When the animation team at Pixar went to create the characters for Incredibles 2 they had the original movie models as a reference. But they didn’t just use them and put them into a new film. Instead, they remodeled the characters and were able to create them how original animators had intended. The first animations are the characters we know and love, but technology wasn’t quite up to where they wanted it to be. Jack Jack is a little chubbier and moves more like a baby should, Violet and Dash both look a little more like kids their age should and Elastigirl and Mr. Incredible both take on the forms they were meant to.

Getting the characters in the scene is one thing, but making sure they have their iconic outfits is another. With the updated software, the animation team at Pixar didn’t just “paint” the clothes on the bodies of the characters but actually created their outfits to lay over their bodies and move with them like real clothing.

designing the world of the incredibles
Animation – When Layout is complete, the characters are brought to life by the Animation department. Animators often use video reference of themselves or the voice actors to inform mouth shape or expressions, as well as overall movement of the characters. On average, it takes 4-6 weeks to animate a shot, but because the composition of the characters in this shot was so complex, it took the Animation department 8 weeks to complete. ©2018 Disney•Pixar. All Rights Reserved.

Once the characters are set, it’s time to make sure they work in the world around them. Characters all are covered with rigging, or pull points and each one has to be animated in the scene. From how the characters hair moves, their clothing, their expression and more – each character has to be animated.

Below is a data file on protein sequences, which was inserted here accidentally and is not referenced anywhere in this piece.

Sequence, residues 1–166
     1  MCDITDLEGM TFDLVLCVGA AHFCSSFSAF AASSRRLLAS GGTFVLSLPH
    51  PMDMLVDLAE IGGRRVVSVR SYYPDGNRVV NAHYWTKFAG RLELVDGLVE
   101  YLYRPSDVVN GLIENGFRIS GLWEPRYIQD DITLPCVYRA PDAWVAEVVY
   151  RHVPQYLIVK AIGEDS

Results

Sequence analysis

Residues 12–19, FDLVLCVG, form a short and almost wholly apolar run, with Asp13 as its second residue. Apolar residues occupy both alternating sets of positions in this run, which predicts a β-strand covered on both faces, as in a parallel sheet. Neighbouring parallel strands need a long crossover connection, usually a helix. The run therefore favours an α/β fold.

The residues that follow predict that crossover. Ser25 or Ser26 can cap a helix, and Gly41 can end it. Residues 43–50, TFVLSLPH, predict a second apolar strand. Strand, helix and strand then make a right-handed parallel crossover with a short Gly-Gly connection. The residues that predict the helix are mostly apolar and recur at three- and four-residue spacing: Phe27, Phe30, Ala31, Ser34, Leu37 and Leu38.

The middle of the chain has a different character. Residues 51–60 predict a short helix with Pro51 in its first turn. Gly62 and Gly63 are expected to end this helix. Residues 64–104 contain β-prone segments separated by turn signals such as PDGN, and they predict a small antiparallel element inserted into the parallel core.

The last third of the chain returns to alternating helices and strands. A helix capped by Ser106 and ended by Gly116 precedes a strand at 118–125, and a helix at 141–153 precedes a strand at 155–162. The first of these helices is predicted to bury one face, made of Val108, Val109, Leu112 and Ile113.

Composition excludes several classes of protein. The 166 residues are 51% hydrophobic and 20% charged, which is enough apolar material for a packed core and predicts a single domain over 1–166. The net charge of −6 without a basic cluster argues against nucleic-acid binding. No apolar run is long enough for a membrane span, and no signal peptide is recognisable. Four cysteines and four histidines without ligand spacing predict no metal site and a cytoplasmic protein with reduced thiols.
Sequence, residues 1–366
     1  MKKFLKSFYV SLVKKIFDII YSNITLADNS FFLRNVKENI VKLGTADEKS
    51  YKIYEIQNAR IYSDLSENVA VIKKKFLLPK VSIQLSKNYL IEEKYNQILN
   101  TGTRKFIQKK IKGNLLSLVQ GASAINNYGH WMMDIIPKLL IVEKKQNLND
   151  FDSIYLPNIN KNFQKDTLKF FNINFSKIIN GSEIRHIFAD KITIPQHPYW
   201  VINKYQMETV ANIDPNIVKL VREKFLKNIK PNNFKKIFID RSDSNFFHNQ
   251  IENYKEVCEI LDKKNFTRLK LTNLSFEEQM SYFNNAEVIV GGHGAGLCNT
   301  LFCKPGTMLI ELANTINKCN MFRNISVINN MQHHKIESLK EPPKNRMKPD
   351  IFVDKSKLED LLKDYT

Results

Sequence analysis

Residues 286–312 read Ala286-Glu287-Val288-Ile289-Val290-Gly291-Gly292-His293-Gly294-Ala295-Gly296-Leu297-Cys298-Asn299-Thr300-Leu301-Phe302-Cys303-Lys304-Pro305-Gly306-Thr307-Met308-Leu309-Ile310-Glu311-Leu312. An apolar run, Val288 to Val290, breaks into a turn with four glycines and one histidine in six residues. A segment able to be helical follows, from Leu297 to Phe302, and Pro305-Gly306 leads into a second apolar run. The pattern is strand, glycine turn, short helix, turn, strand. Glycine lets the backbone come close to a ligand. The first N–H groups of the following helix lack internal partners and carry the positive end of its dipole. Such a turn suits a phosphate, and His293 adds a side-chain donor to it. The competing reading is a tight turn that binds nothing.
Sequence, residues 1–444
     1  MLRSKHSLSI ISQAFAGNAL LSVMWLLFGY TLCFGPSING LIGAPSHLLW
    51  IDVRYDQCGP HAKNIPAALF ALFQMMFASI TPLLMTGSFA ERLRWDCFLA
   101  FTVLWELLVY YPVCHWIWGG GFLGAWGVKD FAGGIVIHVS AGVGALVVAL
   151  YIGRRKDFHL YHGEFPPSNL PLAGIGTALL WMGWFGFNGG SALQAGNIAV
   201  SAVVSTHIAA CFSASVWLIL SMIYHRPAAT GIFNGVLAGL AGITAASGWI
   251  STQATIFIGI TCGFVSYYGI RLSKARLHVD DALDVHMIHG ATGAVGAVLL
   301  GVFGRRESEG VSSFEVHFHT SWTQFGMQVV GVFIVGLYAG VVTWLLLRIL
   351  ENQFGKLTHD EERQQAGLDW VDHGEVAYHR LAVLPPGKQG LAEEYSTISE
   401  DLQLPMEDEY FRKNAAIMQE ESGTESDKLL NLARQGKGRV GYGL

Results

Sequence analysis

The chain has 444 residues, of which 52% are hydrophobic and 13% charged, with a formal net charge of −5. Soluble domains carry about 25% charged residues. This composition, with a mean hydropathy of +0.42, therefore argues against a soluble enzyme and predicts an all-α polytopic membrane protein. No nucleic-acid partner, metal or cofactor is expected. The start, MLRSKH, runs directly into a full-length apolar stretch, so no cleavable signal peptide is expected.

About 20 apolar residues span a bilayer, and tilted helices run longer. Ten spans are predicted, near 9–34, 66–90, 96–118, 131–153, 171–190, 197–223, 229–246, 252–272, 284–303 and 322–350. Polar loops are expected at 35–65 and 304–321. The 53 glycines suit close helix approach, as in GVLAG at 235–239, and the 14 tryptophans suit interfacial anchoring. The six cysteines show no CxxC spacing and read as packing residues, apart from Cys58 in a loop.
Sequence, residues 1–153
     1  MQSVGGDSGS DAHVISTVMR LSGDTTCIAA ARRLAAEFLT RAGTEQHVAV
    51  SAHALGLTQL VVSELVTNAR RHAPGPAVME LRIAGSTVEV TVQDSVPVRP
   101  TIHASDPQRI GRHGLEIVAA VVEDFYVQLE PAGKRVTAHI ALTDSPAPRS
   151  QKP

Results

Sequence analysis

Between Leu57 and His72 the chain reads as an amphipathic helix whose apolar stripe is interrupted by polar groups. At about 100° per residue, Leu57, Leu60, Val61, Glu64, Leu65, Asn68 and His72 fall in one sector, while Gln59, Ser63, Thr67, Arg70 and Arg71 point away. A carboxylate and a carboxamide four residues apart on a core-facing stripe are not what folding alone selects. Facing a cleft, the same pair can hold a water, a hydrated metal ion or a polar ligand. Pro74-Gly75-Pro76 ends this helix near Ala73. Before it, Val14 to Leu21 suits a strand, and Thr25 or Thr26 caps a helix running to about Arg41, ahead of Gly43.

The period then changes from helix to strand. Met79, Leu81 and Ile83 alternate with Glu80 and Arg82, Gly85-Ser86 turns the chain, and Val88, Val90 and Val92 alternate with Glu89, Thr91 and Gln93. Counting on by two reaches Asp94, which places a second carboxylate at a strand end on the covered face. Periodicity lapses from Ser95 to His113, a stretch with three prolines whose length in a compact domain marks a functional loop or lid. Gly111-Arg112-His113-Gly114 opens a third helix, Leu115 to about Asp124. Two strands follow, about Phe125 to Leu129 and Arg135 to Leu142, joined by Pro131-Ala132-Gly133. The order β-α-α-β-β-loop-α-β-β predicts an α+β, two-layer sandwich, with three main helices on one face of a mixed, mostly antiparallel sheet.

In a perfect world, animation would be perfect each time. But since technology isn’t always as forgiving as we would like and animators run animation tests throughout the process. This is why the animation team does tests of each scene at each step of the process. This way they can fix things if they have gone wrong, like the hair not staying on the body, or a piece of clothing not following along. It may be a simple fix like a missed rigging but it could be a glitch as well.

Animating the World Itself

designing the world of the incredibles
An Incredibles 2 art review, including Director Brad Bird and Ralph Eggleston, as seen on June 22, 2017 at Pixar Animation Studios in Emeryville, Calif. (Photo by Deborah Coleman / Pixar)

We mentioned before that the world of the Incredibles has to be hand made, every element. And that world poses designers and animators it’s own unique challenge. The movie is set in a world in the Post War Modern era of the late 1950’s to the the early 1960’s. Thankfully this makes it easy for animators to find reference for the buildings, the furniture and even the clothing that the characters and background characters wear.

designing the world of the incredibles
An Incredibles 2 art review, including Joshua Holtsclaw and Ralph Eggleston, as seen on June 22, 2017 at Pixar Animation Studios in Emeryville, Calif. (Photo by Deborah Coleman / Pixar)

In Incredibles 2, the Parr family first finds themselves in a hotel as their home (since their last house was blown up in the original movie). This hotel room is a tribute to the Post War Modern design in furniture, accessories and even technology. It is almost an iconic space that collectors would drool over. But when they move into their new home, you see the design both literally and figuratively taken to the precipice.

The research teams visited era accurate A Frame Homes and studied the furniture that would be available in the types of homes the Parr family would live in as well as consulting experts about it. This resulted in furniture that could easily slide from the screen to the living room of any post war modern collector. After creating these elements, the teams invited some of the home owners and collectors to view clips of the movie that included the furniture and spaces for their opinion. While these scenes made us laugh during our screening of the first portion of the film, there are some that horrified some of these collectors – you’ll have to see the movie to see why they may be upset!